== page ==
There are different ways to conceptualize different types of CO2 storage concepts. Here we consider that saline aquifer concepts can be considered as either closed, where the store utilizes structural or stratigraphic confinement, or open, where the store does not involve the accumulation of CO2 but instead relies on migration-assisted trapping (including via capillary/residual and solution mechanisms) as the injected CO2 moves through the storage system.
Can Closed Aquifer Solutions Offer Enough Capacity?
We recently explored the example of the BC28 structure, a candidate CO2 storage site located in the developing UK Southern North Sea CCS province, which also lies within the SNS (Southern North Sea) Vision dataset we are producing for completion in Q4 2023. The site typifies the ‘closed’ structural concept being sought in the basin. The BC28 structure is comprised of a storage reservoir within the well-known Bunter Sandstone Formation (BSF), where Triassic fluvial and aeolian sediments are deformed by salt movement into a series of simple structural closures. The SNS BSF storage play represents an end member of the saline aquifer storage concept, effectively relying on a classical trapping concept to initially store the CO2. CO2 is injected into the aquifer and begins to ascend several hundred meters away from the injection point, becoming trapped beneath a sealing claystone and evaporite unit as a CO2 cap. The trapping concept is extremely familiar to those of us used to exploring and producing oil and gas and is reliant on good trap definition and the presence of sealing lithologies across the structure.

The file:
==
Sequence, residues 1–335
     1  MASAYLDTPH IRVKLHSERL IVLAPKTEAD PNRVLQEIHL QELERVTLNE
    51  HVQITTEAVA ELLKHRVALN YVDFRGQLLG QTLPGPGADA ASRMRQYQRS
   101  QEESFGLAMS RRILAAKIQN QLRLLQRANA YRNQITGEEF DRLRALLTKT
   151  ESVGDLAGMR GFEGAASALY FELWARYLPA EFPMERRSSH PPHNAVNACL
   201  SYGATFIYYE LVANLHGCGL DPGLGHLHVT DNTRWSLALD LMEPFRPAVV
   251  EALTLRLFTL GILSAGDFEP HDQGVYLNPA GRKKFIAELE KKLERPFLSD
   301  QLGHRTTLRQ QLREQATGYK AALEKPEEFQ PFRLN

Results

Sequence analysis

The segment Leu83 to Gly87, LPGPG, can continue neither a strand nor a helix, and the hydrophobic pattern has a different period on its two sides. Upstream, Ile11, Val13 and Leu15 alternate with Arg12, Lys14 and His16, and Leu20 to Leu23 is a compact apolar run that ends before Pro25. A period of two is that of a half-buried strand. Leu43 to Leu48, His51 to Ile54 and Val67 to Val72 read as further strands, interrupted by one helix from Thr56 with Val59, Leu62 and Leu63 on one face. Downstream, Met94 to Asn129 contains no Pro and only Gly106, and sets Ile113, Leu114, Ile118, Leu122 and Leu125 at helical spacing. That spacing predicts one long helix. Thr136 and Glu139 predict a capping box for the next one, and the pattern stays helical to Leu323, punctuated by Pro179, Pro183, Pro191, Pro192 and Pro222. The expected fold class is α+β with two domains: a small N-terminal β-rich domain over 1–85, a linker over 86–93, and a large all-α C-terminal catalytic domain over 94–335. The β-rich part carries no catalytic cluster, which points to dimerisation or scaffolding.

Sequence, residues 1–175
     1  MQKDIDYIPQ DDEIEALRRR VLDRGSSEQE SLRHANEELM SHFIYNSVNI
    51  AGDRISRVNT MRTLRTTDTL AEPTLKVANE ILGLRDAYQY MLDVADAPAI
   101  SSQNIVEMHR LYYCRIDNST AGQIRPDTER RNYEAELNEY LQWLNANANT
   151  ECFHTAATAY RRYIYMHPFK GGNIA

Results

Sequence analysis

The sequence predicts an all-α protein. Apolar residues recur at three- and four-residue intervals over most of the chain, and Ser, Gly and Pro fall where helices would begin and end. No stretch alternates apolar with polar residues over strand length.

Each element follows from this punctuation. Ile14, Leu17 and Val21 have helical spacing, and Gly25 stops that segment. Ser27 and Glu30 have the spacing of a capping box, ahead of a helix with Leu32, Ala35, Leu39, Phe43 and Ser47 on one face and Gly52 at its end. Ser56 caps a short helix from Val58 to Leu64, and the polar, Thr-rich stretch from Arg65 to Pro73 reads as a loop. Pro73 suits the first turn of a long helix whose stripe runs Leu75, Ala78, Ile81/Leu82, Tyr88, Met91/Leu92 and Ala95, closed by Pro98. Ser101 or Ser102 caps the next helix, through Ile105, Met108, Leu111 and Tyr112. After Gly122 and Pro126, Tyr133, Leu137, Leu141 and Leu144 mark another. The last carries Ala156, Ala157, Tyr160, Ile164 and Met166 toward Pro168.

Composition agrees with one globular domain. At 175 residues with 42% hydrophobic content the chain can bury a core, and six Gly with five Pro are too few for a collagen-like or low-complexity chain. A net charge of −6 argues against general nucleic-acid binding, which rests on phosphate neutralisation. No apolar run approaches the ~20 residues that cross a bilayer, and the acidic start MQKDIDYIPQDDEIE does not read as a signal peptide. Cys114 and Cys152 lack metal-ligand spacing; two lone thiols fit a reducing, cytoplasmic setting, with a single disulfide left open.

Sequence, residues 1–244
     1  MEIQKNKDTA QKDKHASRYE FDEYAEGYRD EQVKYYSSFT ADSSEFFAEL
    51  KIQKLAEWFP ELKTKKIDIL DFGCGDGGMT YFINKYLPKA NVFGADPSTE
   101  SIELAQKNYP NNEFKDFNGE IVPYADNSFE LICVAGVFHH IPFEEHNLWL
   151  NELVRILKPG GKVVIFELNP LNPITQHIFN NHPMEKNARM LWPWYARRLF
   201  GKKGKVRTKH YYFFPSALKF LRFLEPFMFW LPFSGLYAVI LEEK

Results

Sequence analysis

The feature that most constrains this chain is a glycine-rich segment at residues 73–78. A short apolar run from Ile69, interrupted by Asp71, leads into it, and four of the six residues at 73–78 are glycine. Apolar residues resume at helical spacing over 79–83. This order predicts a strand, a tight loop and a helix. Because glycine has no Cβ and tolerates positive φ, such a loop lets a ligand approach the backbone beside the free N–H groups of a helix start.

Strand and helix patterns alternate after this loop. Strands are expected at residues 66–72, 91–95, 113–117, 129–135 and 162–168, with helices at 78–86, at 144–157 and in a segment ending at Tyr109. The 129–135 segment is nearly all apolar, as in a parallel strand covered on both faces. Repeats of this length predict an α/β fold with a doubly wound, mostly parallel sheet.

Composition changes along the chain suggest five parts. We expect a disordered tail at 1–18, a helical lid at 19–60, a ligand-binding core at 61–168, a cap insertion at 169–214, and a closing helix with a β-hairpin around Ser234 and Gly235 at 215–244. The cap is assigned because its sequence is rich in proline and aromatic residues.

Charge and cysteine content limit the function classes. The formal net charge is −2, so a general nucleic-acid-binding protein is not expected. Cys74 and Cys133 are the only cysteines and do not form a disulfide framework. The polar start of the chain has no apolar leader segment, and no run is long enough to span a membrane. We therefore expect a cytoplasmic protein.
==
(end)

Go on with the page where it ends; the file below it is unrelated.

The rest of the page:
However, these sites have some limitations. The volumes expected to be stored in the individual structures are relatively modest, being limited by the size of the structural closures available. The best known of these in the SNS, Endurance, is expected to store up to 100 million tonnes of CO2, although this could be expanded in the future with pressure management and brine production. Earlier estimates of BSF storage capacity within each structure were much higher, but were based upon unrealistically high storage efficiency assumptions.
While Endurance is a significant pioneer project for the UKCS, the interim 2030 Net Zero Emissions target (International Energy Agency) would require around 12 Endurance-size stores to be filled annually to meet those targets. To put the required storage numbers into stark perspective, the IEA forecast that cumulative world energy sector CO2 emissions from existing power and industrial facilities, 2019-2050, will exceed 600 Gt. A massive scale-up of capacity in the second half of this decade is needed to meet carbon storage targets. Large-scale storage, with room to expand, is clearly needed.